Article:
Be an MVP Dad

15 ways to turn your first year as a father into a winning season.

by Gary Drevitch
Copyright (c) 2003 G+J Publishing, Inc.
September 2003

1. Join the snooze patrol.

Getting a baby to sleep through the night may be the most stressful challenge new parents face. Experts advise putting an infant to bed while she's still awake to teach her to fall asleep on her own, but some parents sing, rock, snuggle, and even drive their baby to dreamland. Keep experimenting until you discover what works best for you. Almost nothing else a new dad can do will earn as much praise and thanks as cracking his baby's sleep code.

2. Tackle diaper duty.

Once your baby is eating solid food or drinking formula, his dirty diapers may make you gag. Yeah, well, he's your kid. Changing diapers should become pretty quick and painless - even when you're half asleep - once you get the hang of it. If you want a real challenge, just wait till potty-teaching time.

3. Remember to romance.

You're both tired. You're not in bed at the same time very often. You may just forget to kiss each other. But from here on out, it's all about finding moments. If that means Sunday afternoon in the kitchen while the baby naps, so be it. Pucker up and accept that, for now, your wife craves sleep, and sleep only.

4. Keep stress at the office.

Don't bring your work troubles home. Like dogs, babies can sense anxiety. And like pets, they don't care how your day went-they just want some attention. Besides, we both know you'd be much happier playing peek-a-boo together than moping about office politics.

5. Pitch in.

Once upon a time, your home was a well-organized showplace. And now? It isn't. That's probably because your wife has basically stopped cleaning. Should you say something to her about it? No. Just pick up her dirty socks, and while you're at it, do the dishes and take out the trash.

6. Be the CEO of Family Inc.

Your newly expanded operation has a number of administrative needs, such as ordering new or improved life-insurance policies and a will, and setting up a college fund for your child. Make a checklist, and start taking care of business.

7. Stop for stems.

Buying flowers for your new mom once a week won't just make the kitchen look pretty. It will show her that you still find her attractive, sexy, and - especially - worthy of courting. It's corny, sure, but buds will make her smile. A movie and a surprise dinner out can work wonders too.

8. Start storytime.

The benefits of reading to your child from Day 1 are well-documented. Though it doesn't matter which picture book you select, why not choose one with a pro-father message? Try Guess How Much I Love You, by Sam McBratney; What Dads Can't Do, by Douglas Wood; or Daddy is a Doodlebug, by Bruce Degen.

9. Don't keep score.

If you need to put in overtime with the baby for a few days while your wife is tied up with work, do it with a smile; eventually, you'll need her to do the same for you. And stay in the game by reminding yourself that there's no parenting skill that your wife has that you don't have too (other than the ability to breastfeed).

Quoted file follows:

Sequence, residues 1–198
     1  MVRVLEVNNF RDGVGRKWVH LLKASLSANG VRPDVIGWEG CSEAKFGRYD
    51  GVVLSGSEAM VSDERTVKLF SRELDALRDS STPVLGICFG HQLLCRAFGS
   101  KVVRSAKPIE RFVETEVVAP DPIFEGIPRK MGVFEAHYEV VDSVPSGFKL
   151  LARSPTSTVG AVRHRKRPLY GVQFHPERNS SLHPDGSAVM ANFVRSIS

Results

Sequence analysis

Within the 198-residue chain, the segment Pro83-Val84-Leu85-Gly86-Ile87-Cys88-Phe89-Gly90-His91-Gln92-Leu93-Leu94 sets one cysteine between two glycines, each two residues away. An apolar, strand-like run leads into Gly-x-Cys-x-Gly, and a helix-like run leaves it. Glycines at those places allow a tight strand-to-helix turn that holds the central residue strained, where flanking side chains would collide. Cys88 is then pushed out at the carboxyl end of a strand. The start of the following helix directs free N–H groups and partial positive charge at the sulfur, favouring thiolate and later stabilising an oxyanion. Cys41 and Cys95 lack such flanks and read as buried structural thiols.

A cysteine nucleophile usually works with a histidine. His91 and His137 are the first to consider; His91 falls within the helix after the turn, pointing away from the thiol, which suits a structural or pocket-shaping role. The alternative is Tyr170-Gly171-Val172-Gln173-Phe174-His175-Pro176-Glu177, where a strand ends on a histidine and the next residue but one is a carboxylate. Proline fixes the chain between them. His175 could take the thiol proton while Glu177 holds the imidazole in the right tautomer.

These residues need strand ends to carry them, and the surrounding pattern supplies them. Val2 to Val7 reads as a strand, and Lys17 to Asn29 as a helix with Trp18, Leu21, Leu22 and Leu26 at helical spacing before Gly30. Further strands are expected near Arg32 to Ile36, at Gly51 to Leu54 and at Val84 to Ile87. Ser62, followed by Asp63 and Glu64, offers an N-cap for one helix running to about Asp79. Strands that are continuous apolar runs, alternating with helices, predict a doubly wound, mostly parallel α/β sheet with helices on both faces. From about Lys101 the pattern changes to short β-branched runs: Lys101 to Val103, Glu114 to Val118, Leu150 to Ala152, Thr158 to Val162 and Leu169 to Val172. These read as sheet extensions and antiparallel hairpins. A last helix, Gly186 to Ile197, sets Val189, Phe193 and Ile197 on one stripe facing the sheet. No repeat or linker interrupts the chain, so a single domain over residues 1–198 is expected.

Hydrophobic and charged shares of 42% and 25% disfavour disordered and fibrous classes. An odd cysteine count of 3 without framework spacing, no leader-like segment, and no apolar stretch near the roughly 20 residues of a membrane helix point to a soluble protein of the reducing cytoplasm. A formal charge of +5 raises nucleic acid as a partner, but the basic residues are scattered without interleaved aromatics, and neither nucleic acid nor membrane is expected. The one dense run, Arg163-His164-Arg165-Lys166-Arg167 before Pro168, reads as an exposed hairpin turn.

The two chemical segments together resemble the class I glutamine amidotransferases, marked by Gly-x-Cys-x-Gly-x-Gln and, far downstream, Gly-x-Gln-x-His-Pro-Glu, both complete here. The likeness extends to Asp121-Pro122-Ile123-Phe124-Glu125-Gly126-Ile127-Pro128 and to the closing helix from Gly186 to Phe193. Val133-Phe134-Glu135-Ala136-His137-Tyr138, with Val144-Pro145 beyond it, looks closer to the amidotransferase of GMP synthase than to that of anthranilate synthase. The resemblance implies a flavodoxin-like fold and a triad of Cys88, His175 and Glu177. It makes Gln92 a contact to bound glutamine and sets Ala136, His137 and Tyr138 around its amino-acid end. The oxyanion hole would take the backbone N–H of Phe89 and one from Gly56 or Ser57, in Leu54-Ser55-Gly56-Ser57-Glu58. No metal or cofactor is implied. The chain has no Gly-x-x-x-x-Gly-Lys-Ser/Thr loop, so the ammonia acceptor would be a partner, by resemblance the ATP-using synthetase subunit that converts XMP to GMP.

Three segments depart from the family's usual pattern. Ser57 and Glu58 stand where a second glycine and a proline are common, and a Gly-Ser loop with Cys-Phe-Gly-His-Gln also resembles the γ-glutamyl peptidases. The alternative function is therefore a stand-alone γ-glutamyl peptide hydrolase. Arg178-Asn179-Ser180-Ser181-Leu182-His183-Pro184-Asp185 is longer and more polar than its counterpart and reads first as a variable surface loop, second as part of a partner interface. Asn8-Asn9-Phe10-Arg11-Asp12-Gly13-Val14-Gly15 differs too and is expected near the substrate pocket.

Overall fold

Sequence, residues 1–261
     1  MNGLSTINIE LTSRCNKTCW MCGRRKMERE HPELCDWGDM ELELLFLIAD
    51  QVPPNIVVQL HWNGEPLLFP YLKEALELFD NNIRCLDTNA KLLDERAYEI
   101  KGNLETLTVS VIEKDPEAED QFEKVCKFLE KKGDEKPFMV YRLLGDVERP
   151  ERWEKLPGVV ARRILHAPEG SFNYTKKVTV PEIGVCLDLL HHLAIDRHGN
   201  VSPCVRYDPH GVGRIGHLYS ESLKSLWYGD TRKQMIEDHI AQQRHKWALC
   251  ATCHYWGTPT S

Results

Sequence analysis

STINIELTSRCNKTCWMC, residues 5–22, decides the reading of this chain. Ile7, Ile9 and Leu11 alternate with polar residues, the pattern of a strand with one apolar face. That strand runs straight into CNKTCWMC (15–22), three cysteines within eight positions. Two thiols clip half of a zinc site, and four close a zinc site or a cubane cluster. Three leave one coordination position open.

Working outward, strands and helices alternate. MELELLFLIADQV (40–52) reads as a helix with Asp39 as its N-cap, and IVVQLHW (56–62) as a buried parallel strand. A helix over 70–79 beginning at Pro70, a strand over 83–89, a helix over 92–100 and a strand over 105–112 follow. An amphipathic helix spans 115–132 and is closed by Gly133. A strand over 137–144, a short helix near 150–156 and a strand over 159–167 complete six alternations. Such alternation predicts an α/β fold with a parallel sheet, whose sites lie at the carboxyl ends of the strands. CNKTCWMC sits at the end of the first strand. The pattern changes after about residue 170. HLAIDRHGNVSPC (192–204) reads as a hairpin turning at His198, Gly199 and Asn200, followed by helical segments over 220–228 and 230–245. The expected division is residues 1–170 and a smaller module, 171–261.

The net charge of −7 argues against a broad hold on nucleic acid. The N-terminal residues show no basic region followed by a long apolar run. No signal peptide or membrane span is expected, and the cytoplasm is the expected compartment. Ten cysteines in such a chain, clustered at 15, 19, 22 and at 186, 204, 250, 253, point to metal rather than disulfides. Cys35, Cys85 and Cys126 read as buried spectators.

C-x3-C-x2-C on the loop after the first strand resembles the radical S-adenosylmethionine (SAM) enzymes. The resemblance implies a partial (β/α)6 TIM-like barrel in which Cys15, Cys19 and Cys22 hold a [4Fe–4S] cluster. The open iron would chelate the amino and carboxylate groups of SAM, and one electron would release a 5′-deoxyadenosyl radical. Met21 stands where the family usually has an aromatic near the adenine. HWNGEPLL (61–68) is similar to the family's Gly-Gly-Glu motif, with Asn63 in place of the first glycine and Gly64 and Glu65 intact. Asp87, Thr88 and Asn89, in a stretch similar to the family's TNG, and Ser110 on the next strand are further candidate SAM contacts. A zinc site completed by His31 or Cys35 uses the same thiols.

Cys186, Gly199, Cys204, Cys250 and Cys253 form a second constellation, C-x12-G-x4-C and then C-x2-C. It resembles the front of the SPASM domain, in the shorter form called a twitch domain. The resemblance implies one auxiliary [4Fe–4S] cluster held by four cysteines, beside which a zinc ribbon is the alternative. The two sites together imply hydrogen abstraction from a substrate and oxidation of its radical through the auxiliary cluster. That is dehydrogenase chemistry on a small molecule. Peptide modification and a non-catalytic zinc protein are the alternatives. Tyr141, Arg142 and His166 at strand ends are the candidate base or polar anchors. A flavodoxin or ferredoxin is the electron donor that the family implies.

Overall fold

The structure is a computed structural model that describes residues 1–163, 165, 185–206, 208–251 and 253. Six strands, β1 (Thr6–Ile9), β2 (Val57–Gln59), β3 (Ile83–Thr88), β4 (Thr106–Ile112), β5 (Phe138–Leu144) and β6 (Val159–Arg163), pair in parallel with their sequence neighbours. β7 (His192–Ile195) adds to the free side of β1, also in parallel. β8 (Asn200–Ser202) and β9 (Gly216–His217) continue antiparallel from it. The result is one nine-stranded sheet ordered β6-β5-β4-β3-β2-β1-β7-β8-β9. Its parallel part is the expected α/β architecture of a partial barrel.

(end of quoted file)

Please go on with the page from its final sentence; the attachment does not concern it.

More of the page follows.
10. Go for giggles.

Having a wit like Seinfeld's may entertain your dinner-party pals, but the rice-cereal set prefers slapstick. Loosen up and start mastering the fine arts of pratfalls, sneezing, and otherwise humiliating yourself. Just don't forget to bring Mom into all of the fun.

11. Put on your chef's hat

Admit it, you're fantasizing about cooking pancakes for your child on cheery Sunday mornings. Get in the habit by whipping up a few breakfasts and dinners for your wife each week. You'll earn brownie points, and those meals will probably be the only home-cooked food you get for a while.

12. Learn some guy stuff.

One day, your child will want to learn all the cool stuff that fathers are expected to know - how to bait a hook, identify the stars, juggle three balls, and throw a curveball. If you're like me, you have no idea how to do any of these. So start studying now. 101 Secrets a Good Dad Knows, by Walter and Sue Ellin Browder, offers a competent introduction to the manly arts.

12. Mark those milestones.

The nights go on forever, but the year flies by. You simply will not remember much about the early stages of your child's life once he turns a year old. That's why it's so important to record those firsts. If frilly baby albums aren't for you, just start a file on your computer. And keep track of milestones other than the basics such as crawling, eating solids, and walking. For instance, my son was exactly 3 months and 12 days old the first time he snatched a dollar bill from my hand.

14. Be a Saturday-morning superhero.

Someday you'll be able to sleep in again. But for now, get up and take your child out early on Saturday mornings to the park, the front lawn, or even the coffee shop - anyplace you won't wake up your sleep-deprived wife. It's not just for her sake; it's a great way to bond with your baby.

15. Cherish your partner.

Maybe it's the way your baby clings to her; maybe it's the way she smiles while he throws his mashed bananas at her; maybe it's just the way she looks in that short nursing nightgown. Whatever it is, your wife is pretty incredible. Let her know it - often. After all, a good MVP always credits his teammates when he wins the big prize.